Unfortunately, controlling Tiny can often be a frustrating experience. Moving forward requires pressing the 'forward' button, which gets annoying. Control response on the whole feels muddy. Whenever you get in heated combat with enemies, the lack of precise control makes for cheap battles. Another feature, the ability to jump, is flawed. When Tiny jumps, he always leaps forward. Using the jump feature often is pointless, because it usually lands you in the enemy target range.

Graphics in the missions make good use of lighting effects, and many of the explosions are nicely detailed. Also, the commercials Tiny does for SenTrax in-between levels are a funny diversion from the action. On the downside, the robots (including Tiny) could use smoother animations. Many of the robots move with jerky motions, and would benefit from more textured body frames. And because the levels in the game are large, details in the background usually aren't visible. This means that you'll have to rely far more on your radar to detect enemies than should be necessary.

Tint Tank excels in the sound department. Music is usually high energy (unless it is simulating the quirt barrenness of the desert missions), and gets you in the mood for robot slayin'. But, the real treat here is the great usage of speech during the missions. In certain sections of the missions, radio broadcasts from big brother Mutank can be heard. In these, he analyzes such pertinent issues as the coexistence of humans and robots and the robotic need for repetitive kinetic motion (e.g. dancing). The voice acting is fabulous, with Mutank's robotic arrogance only outdone by San Francisco Bay Area talk show hosts.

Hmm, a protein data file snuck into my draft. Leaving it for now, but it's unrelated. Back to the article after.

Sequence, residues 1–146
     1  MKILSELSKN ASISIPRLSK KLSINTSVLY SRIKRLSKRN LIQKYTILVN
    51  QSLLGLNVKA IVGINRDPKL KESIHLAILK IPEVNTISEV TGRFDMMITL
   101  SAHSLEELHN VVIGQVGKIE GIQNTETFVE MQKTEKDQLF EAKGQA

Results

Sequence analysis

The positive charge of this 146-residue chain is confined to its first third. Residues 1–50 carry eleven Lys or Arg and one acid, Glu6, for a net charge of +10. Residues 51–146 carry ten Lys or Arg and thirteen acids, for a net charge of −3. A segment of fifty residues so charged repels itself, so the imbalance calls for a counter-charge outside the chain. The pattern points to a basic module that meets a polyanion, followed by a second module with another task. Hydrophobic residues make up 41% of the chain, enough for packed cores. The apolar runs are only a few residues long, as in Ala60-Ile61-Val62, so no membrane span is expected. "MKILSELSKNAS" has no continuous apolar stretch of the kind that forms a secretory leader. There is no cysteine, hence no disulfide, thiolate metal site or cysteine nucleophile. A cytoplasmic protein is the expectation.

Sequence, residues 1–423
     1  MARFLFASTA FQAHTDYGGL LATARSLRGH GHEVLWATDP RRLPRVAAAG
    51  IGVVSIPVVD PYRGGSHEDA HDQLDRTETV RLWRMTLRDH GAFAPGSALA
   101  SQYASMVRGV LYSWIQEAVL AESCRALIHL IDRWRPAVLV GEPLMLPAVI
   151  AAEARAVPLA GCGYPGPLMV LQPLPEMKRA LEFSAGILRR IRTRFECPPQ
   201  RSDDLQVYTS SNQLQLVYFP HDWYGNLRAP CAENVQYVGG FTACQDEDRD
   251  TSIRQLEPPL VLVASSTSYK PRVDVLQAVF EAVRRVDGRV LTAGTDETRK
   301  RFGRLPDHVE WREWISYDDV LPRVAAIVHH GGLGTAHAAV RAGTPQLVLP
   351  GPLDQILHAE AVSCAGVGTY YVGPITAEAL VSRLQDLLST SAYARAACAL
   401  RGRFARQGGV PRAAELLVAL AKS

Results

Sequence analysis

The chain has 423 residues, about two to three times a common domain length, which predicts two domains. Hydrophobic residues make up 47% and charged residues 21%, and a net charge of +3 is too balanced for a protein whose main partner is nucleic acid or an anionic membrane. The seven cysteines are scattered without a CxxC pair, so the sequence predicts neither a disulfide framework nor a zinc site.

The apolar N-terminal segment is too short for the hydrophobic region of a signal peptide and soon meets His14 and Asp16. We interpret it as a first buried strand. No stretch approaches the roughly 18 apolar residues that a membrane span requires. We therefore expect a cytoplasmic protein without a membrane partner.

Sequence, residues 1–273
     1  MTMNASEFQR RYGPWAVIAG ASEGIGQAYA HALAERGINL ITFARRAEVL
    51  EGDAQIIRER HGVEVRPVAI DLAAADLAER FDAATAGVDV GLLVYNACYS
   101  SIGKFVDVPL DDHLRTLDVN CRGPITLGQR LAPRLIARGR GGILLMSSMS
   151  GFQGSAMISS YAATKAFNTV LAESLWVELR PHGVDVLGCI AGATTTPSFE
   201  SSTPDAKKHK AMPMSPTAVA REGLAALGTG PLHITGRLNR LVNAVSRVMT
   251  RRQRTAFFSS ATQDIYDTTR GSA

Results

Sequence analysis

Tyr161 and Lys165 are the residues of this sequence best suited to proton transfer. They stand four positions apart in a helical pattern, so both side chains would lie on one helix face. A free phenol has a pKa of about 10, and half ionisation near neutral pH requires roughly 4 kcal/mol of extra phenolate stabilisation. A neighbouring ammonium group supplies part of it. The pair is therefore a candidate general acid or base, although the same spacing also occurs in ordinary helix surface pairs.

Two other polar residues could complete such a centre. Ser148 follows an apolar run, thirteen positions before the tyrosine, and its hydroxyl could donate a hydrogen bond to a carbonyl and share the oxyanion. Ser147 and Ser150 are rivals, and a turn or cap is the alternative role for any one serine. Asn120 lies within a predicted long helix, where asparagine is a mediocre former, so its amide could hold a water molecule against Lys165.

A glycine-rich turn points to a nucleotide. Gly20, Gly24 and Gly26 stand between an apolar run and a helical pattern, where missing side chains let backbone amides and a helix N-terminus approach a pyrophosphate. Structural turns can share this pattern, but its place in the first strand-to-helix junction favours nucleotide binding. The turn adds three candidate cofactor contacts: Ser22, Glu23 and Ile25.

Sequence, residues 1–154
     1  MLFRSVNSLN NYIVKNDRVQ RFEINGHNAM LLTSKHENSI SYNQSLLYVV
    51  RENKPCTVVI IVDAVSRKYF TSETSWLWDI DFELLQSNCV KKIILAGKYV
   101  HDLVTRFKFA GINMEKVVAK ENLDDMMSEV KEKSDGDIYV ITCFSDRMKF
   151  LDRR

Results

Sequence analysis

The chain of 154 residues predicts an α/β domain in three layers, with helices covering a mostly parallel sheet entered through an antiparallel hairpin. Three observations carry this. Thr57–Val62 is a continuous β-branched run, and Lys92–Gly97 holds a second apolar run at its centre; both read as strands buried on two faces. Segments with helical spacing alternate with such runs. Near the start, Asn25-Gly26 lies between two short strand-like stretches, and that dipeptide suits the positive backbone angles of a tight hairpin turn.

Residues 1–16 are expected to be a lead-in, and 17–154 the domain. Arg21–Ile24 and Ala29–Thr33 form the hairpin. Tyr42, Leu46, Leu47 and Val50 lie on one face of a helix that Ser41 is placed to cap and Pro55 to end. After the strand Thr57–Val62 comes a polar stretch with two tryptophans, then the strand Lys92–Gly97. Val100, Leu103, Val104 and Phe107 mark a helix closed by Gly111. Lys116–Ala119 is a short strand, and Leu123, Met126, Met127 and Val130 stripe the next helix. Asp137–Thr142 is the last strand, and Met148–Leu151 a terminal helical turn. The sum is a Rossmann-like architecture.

The game's only real downfall comes in its difficulty level. While the game has three different difficulty settings, the standard setting (normal) will prove to be too intense for most gamers. Often hordes of enemies keep coming to attack you. A preferable mission design would have been to have a pre-set number of specific enemies. On top of this, many enemies' attacks are insanely cheap, an aspect only made worse when they gang up upon you in pairs.

While the whole concept about Tiny Tank being a cute but bad-mouthed robot is integrated throughout the game, it's hard to buy. Sure, Tiny is an obnoxious, crass little guy, but is he such a rebel? I mean, where's the drug addiction, the wild late night parties, the involvement in the call-girl ring at Robotic Charlie Sheen's house? (Been there, done that. - Ed.)

In the final analysis, Tiny Tank is a long, well-made game. If you can bear the difficulty level, then the deep mix of strategy and action will keep you playing.

B Revolution report card